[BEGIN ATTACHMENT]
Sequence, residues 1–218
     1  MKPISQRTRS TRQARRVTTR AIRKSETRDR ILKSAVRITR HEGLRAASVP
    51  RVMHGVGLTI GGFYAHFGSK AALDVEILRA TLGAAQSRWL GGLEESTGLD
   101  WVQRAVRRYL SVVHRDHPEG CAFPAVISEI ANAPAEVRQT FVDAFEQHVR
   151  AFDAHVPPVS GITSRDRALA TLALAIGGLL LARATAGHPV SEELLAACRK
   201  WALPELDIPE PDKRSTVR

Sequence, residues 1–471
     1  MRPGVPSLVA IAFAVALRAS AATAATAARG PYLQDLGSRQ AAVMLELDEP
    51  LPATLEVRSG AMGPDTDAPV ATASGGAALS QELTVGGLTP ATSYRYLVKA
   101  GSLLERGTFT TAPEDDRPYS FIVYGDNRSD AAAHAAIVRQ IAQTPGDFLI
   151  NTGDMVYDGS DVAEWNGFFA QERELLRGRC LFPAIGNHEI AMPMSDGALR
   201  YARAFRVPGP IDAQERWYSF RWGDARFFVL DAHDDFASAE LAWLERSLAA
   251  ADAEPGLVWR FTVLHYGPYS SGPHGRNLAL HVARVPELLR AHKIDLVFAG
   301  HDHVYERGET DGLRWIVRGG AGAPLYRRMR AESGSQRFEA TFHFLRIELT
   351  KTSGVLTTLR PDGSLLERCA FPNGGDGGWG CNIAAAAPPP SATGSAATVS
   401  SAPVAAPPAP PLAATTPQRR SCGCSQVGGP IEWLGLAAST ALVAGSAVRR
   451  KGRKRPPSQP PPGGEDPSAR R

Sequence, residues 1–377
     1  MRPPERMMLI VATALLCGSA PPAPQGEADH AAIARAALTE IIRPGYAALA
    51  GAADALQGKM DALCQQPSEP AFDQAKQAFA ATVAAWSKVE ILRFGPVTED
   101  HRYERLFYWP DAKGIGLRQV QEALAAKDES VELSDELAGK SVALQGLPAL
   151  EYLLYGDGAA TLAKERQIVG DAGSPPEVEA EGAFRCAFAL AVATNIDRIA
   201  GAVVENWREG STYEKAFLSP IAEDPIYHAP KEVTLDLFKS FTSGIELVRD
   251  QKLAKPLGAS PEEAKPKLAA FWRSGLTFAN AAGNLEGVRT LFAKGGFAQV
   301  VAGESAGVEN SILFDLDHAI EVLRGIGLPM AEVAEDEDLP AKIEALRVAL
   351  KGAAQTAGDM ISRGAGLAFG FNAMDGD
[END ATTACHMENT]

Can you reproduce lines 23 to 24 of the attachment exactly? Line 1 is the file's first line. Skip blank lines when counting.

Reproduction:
   201  GAVVENWREG STYEKAFLSP IAEDPIYHAP KEVTLDLFKS FTSGIELVRD
   251  QKLAKPLGAS PEEAKPKLAA FWRSGLTFAN AAGNLEGVRT LFAKGGFAQV